|dc.description||Historical Materialism is one of the newest entries into the scholarly conference circuit in Canada, but has established itself as an important one, particularly in the Humanities and Social Sciences. It is part of a network of conferences, including an annual one in Britain and a bi-annual one in the United States, organized by the editors of the Historical Materialism journal. The journal now has an ongoing collaborative relationship for book publishing with the Netherlands-based Brill, a highly-respected academic publisher, in business since 1683.
This May, Historical Materialism Toronto held its third conference, and I had the opportunity to organize one of the sessions (as well as speaking on a panel in a second session). The session I organized was entitled “Debt, displacement and dispossession in the 21st century”. In the 1980s, Latin America was the epicentre of sovereign debt crises. Today, the focus is on Europe, the very core of “old capitalism.” The panel linked these two spaces and outlined critical issues posed for theories of debt and money. The first paper, presented by Dr. Susanne Soederberg of Queen’s University, was focused on Latin America, and analyzed Mexico’s “debtfare state”, and its ties to global capitalism. The second paper, presented by Jesse Hembruff, a doctoral student at Queen’s University, focused on Greece, one of Europe’s weakest economies and on the front lines of the current EU sovereign debt crisis. The third paper – the one I presented – deployed David Harvey’s concept of the ‘spatial fix, through a focus on Germany, one of Europe’s strongest economies.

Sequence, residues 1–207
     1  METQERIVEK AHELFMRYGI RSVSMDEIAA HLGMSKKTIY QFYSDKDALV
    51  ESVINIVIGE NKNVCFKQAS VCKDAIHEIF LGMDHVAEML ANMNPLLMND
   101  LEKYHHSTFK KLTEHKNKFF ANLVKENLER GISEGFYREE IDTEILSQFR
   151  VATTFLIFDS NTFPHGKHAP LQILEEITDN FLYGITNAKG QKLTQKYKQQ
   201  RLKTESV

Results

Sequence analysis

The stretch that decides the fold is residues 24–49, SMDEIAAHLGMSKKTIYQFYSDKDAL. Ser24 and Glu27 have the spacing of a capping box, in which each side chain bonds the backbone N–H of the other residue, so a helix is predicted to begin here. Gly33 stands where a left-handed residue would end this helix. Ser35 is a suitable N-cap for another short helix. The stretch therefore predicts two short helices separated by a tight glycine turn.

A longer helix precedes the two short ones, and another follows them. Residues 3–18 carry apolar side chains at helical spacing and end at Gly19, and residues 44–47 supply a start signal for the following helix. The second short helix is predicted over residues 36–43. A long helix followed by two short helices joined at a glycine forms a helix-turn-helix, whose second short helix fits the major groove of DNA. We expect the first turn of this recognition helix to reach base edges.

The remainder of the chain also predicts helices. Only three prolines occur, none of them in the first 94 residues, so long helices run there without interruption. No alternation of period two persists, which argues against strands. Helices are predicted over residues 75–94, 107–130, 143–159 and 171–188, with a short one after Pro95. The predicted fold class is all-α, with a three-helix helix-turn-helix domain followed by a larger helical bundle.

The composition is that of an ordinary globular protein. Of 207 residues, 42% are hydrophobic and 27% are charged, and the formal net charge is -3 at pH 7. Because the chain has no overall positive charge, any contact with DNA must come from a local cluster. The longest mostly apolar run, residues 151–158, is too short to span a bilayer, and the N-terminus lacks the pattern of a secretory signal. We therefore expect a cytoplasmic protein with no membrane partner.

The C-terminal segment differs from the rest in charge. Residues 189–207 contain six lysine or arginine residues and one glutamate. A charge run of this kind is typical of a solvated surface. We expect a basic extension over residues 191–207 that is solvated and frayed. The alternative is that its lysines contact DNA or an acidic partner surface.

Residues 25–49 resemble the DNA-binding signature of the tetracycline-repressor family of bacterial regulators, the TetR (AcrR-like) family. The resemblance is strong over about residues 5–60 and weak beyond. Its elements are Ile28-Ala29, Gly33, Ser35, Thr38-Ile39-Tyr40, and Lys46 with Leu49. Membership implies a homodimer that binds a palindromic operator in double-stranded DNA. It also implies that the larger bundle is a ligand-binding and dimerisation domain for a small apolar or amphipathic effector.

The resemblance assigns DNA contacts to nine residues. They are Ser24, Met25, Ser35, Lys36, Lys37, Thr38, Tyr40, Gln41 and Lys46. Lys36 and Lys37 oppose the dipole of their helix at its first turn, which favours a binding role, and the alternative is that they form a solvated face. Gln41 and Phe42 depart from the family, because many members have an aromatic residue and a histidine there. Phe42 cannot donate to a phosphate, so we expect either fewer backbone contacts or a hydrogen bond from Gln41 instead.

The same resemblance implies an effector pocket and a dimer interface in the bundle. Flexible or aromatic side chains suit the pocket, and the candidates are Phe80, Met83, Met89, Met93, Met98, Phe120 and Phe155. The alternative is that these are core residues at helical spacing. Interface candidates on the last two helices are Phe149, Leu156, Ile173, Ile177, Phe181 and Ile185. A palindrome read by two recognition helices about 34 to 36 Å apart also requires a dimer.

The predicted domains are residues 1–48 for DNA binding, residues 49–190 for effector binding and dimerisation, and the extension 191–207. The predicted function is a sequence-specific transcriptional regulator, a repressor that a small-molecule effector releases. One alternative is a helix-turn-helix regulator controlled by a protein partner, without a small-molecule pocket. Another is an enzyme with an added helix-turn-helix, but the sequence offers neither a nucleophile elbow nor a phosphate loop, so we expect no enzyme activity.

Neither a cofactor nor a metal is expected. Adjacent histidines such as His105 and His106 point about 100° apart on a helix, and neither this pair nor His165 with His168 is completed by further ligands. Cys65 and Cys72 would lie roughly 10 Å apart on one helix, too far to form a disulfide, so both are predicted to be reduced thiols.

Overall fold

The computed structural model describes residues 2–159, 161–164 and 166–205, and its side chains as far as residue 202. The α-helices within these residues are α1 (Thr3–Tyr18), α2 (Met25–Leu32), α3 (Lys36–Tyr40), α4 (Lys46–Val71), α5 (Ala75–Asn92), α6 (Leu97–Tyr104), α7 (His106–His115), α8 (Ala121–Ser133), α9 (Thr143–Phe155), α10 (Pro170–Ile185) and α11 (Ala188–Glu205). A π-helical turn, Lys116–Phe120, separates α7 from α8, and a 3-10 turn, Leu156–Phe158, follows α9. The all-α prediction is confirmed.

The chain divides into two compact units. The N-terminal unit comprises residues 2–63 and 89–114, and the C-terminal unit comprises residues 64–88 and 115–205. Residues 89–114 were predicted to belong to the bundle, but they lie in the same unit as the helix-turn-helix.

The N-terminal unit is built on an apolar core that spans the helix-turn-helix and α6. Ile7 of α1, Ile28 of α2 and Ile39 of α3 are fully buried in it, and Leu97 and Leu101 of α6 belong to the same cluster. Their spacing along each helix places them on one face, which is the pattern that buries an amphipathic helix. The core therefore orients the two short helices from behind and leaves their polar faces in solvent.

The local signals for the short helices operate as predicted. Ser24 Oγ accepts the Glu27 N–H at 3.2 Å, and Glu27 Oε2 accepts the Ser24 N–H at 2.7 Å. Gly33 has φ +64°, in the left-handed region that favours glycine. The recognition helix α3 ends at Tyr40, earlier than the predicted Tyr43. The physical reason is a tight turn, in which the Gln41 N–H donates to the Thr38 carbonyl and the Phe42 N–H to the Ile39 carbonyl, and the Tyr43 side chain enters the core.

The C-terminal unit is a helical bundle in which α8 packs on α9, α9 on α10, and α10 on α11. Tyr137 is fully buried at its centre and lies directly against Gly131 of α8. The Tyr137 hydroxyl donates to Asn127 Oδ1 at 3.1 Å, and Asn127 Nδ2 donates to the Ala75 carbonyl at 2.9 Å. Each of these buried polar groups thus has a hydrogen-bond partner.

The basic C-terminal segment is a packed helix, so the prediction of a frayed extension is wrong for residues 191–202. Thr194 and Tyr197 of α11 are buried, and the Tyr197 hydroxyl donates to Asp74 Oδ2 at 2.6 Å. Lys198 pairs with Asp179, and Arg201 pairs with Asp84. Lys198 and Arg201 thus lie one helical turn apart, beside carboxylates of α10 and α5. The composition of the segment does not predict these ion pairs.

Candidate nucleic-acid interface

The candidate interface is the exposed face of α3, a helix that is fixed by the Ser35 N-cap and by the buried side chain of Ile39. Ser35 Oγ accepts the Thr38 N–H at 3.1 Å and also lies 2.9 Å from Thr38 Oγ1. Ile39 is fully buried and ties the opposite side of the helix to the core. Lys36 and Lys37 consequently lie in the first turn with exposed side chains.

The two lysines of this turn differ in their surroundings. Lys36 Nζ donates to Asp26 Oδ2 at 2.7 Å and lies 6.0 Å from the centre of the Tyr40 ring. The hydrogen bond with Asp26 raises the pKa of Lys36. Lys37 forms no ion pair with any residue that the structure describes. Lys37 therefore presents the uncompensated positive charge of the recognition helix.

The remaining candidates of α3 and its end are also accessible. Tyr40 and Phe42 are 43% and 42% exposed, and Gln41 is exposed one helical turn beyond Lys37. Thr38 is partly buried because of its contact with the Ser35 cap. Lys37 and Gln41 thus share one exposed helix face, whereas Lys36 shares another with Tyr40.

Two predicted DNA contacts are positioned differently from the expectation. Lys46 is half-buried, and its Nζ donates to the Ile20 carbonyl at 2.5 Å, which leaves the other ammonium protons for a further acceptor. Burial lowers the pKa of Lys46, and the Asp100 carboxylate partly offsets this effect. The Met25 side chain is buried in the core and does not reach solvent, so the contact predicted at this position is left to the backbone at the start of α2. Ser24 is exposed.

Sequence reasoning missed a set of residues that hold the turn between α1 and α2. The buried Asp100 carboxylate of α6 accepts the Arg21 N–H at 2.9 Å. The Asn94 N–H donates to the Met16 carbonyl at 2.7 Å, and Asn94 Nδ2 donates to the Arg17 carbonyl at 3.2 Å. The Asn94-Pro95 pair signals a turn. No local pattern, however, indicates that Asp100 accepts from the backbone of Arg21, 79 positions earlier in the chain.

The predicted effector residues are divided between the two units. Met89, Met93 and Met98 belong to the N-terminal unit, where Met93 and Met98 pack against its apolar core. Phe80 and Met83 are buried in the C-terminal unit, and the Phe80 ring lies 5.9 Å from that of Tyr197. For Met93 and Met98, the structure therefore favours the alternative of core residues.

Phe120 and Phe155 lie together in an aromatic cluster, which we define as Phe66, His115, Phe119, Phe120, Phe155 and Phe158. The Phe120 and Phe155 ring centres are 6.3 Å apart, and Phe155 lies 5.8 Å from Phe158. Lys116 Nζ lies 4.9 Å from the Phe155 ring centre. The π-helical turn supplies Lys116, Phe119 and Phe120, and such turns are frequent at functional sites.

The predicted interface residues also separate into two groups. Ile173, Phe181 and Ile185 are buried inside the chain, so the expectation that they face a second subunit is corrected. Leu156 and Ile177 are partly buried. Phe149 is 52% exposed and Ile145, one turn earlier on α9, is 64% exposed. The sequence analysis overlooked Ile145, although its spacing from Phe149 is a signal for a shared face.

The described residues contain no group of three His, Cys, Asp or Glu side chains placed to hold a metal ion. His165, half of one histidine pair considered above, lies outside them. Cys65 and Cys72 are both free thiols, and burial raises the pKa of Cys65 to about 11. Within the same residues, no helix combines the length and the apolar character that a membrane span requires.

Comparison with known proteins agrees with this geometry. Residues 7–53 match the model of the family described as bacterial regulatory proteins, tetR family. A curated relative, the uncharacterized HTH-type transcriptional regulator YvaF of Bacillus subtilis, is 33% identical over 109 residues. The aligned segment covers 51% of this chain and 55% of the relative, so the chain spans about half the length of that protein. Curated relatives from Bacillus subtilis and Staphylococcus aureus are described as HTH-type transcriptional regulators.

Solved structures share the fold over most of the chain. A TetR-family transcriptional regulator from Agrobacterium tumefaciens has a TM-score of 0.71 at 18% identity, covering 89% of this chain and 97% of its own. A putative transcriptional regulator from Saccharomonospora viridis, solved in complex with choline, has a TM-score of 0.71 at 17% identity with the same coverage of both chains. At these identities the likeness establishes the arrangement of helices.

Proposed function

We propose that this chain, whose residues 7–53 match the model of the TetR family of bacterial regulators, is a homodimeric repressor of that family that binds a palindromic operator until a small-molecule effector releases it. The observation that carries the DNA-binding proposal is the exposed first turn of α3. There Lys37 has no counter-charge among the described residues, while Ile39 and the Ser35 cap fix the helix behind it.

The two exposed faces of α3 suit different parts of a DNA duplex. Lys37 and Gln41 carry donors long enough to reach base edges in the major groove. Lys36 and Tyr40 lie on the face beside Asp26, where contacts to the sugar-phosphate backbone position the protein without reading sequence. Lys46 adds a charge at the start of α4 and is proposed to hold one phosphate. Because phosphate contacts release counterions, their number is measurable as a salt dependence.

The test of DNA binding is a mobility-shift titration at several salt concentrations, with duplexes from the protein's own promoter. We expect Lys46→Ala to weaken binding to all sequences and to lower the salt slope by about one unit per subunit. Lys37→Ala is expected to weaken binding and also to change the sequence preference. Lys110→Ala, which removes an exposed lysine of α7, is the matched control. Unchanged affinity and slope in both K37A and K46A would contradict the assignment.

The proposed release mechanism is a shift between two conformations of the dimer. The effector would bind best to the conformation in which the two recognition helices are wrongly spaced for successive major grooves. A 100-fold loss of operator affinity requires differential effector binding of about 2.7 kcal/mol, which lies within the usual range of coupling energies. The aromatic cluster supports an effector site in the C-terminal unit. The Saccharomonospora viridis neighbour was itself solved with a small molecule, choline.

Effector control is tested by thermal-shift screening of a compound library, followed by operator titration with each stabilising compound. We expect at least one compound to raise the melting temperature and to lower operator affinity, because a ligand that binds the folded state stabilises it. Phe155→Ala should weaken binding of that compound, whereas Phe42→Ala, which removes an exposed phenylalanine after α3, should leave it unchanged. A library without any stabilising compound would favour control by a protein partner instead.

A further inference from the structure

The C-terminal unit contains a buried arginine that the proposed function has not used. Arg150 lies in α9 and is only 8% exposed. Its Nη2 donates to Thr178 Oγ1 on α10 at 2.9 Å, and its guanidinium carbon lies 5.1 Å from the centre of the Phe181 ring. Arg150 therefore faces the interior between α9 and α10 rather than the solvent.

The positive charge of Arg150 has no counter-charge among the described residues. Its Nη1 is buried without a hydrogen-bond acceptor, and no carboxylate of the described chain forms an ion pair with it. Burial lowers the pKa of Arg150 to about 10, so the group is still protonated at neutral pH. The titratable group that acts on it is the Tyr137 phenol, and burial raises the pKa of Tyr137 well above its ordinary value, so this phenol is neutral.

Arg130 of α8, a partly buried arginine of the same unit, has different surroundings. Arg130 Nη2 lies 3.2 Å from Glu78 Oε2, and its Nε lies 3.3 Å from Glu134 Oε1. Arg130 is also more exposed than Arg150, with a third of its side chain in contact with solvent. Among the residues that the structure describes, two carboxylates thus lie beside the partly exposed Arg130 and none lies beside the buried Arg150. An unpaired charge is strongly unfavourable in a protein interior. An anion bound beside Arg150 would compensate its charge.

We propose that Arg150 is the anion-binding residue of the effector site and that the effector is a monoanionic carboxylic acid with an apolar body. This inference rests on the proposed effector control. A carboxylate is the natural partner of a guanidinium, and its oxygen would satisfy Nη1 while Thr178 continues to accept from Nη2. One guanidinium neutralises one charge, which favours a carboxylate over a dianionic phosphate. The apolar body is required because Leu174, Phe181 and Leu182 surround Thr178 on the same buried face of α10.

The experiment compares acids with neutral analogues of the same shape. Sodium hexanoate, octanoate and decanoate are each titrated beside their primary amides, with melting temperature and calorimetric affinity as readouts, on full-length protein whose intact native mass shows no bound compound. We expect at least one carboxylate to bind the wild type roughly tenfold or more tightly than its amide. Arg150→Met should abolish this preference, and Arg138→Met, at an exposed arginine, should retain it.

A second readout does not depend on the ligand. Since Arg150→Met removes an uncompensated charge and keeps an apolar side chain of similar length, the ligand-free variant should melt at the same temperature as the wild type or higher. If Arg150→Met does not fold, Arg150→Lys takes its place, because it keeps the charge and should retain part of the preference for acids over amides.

Conferences are an indispensable tool in the development of academic research. The research in my paper was first stimulated by an invitation from Ideas Left Out to speak in Toronto in January of this year, on the topic “Eurozone from Greece to Germany – Explaining the Crisis.” This then led to a panel at the 2012 Research Forum in April in Athabasca, “Histories of Capitalism: Critical Perspectives.” Through each of these iterations of the research, feedback and comments from the participants has proven very fruitful.||en
|dc.description.abstract||From the standpoint of capitalism in Germany, the European Union and the Eurozone are but the two most recent stations on the long pilgrimage to find a spatial fix, attempts to alleviate the perennial problem of a nationally-based centre of capital accumulation, bursting the bounds of its home market, but without easy access to overseas empire. But these “spatial fixes” – from Bismarckian imperialism on – have occurred undemocratically, have fostered chauvinism and racism, and have remained trapped in the fetishized forms which are the curse of private-property. All of these superstructural impediments have become prisons, holding back social development in Germany and throughout Europe. This paper will develop these themes through a survey of three distinct “moments” in the search for a spatial fix to the contradictions inherent in German and European capitalism..||en